(Note that there are some companies that are successful despite their branding, rather than because of it, so you want to make sure that you are talking with someone who is successful in their business and their field and also has a strong sense of branding.)
Second, there are workshops and seminars held throughout the year that have professionals who address the issue of branding. You may not have five grand or more to spend on a branding campaign, but maybe you do have $750 or even $1,000 to spend in a one or two-day workshop with a vendor who has expertise in that field.
Third, do market research. One assignment Ron gives to his business coaching clients is to have them go to the mall and look at companies who are reaching the kind of demographic his coaching clients want to reach. He has them look at their logo and typeface designs and the experiences that they are creating in their stores for the clients that they want to serve. It seems like a simple assignment, but it gives you an idea of what that clientele expects and will be looking for.
Fourth, read. As Charles Jones said, "You will be the same person in five years as you are today except for the people you meet and the books you read." Too many small business owners don't take advantage of the vast wealth of knowledge on every topic imaginable. Branding is no different.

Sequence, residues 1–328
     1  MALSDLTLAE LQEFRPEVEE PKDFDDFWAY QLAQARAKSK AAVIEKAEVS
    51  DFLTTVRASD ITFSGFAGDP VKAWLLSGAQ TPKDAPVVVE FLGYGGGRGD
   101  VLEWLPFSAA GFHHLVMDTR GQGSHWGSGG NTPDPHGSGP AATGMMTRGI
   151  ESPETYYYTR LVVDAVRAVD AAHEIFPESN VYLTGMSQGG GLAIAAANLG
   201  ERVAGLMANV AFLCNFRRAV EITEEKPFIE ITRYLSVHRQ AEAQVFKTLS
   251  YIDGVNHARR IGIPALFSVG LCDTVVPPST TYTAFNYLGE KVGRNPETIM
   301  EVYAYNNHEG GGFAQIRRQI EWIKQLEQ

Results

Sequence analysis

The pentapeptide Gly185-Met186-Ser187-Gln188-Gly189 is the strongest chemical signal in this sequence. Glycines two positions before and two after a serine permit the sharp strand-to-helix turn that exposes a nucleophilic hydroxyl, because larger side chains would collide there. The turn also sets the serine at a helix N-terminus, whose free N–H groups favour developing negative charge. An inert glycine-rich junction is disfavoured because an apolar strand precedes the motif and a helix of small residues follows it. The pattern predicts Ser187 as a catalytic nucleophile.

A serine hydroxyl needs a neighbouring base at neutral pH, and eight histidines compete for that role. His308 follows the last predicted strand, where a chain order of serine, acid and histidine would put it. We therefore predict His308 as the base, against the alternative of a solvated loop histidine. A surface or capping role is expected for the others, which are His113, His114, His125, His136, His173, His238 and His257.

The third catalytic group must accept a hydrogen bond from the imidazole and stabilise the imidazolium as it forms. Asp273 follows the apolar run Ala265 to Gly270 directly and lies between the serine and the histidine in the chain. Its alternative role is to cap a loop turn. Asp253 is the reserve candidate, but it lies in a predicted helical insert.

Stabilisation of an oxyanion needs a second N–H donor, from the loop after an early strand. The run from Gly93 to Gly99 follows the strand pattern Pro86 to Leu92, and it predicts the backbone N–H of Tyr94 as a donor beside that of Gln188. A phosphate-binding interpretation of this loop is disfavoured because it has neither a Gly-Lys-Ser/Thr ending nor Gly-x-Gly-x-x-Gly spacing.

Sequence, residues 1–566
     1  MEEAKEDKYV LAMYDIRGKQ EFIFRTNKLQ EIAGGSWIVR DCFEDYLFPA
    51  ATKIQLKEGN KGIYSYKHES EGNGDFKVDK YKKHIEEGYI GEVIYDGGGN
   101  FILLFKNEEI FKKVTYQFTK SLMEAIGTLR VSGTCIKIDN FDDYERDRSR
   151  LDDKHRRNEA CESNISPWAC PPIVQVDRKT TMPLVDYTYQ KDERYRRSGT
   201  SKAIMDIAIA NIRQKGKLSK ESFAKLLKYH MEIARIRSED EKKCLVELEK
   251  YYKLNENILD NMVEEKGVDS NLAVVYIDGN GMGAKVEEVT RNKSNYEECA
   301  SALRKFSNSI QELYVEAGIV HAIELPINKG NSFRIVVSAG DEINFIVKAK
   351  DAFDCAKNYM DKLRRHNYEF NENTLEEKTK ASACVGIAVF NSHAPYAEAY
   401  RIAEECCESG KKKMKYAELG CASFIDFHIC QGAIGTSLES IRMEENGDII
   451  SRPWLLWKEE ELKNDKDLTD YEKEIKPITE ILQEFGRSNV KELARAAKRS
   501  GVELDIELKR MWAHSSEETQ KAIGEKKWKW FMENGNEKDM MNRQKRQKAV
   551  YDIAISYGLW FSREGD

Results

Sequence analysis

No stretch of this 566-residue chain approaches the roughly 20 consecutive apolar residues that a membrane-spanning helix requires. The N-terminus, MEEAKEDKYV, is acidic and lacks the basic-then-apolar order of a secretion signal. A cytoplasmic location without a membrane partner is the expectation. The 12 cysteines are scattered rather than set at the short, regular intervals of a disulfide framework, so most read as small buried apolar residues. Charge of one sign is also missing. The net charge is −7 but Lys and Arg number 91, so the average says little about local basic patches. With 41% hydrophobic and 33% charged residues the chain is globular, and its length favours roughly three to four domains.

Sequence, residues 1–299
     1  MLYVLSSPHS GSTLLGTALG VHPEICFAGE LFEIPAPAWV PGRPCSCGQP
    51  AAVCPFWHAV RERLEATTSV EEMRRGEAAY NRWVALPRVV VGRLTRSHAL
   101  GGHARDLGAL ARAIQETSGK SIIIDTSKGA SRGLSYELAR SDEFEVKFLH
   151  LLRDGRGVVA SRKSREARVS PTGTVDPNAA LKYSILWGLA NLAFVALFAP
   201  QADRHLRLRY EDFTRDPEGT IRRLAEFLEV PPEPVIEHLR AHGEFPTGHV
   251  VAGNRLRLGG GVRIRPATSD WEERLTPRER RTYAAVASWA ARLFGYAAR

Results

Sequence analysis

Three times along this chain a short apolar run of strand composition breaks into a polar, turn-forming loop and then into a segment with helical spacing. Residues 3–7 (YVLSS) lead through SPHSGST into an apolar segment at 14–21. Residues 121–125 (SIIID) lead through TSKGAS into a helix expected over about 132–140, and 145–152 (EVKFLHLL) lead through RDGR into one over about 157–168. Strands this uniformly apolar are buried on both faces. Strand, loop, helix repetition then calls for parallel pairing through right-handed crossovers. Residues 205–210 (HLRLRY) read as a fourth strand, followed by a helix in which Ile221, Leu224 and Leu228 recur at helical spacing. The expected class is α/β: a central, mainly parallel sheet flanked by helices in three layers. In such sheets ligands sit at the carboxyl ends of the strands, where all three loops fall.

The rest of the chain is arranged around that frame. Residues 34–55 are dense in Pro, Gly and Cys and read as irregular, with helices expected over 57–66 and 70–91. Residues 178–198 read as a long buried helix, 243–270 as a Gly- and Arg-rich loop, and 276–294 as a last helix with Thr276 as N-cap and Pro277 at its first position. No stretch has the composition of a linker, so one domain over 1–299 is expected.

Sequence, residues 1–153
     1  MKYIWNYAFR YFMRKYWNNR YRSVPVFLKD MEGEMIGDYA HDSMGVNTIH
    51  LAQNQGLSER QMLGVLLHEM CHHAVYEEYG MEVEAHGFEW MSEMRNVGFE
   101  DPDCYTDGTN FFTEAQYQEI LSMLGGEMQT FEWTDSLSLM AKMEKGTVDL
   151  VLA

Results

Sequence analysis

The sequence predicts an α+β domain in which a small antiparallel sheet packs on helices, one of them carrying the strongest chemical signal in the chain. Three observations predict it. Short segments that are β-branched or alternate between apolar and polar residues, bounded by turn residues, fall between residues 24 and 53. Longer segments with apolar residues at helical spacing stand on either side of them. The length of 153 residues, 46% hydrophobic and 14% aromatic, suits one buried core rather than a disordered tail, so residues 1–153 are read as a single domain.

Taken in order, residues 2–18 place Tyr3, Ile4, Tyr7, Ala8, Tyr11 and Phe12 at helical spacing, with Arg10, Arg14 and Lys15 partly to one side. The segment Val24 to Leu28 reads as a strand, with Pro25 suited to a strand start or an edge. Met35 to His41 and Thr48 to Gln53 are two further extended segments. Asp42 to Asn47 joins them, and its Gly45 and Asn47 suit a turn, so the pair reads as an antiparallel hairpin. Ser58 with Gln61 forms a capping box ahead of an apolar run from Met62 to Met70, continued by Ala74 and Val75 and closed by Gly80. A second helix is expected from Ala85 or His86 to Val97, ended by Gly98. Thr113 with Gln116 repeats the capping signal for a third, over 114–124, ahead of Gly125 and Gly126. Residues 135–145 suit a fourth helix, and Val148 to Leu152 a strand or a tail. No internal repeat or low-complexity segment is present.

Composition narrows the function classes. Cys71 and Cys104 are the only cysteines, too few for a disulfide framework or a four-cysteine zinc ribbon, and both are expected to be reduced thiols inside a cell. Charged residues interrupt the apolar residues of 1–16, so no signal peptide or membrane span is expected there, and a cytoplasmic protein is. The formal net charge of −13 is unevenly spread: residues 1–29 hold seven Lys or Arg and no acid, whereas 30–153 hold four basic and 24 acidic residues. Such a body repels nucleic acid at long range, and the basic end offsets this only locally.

Do a search for some of the bestselling branding books, buy some, and set aside reading time. If you're reading this article, you're already one of a unique group of go-getters, willing to invest in your learning and education. Your business will be transformed because of the investment of time. Don't like reading? Get audio or video versions of popular books. There really is no longer any excuse not to get the information that is so widely available. Start with Seth Godin's Purple Cow: Transform Your Business by Being Remarkable (Figure 2, below). As Godin explains in the book, "You're either a Purple Cow or you're not. You're either remarkable or you're invisible. Make your choice."
Leaving a Mark
Once you've got the differentiation part down, you'll start leaving a trail of "lovemarks," as Kevin Roberts describes in Lovemarks: The Future Beyond Brands. Kevin Roberts, CEO Worldwide of Saatchi & Saatchi, shows that by building respect and inspiring love, businesses can change the world. Wouldn't you like your business to do that? More than just paying the bills, wouldn't you like to change the world, your industry, and the world of your client? Companies that get it right don't just have loyal followings, they have fanatic followings.
One of those most popular lovemarks in the world of technology is Apple, Inc. It consistently posts record increases in profit, even when competitors are posting losses. They are definitely high-end in the technology field. You can get a network computer for a few hundred dollars, but if you get something with similar capability from Apple, you will spend at least three times that. And people are willing to pay because of the love that they have for the brand.
These fanatical fan bases support the companies with powerful word of mouth. Customers become evangelists. Think about the battles of Mac versus PC on popular video discussion boards. People are passionate and willing to defend the brands they love. That emotional connection people make with your brand will differentiate you from every competitor in your marketplace.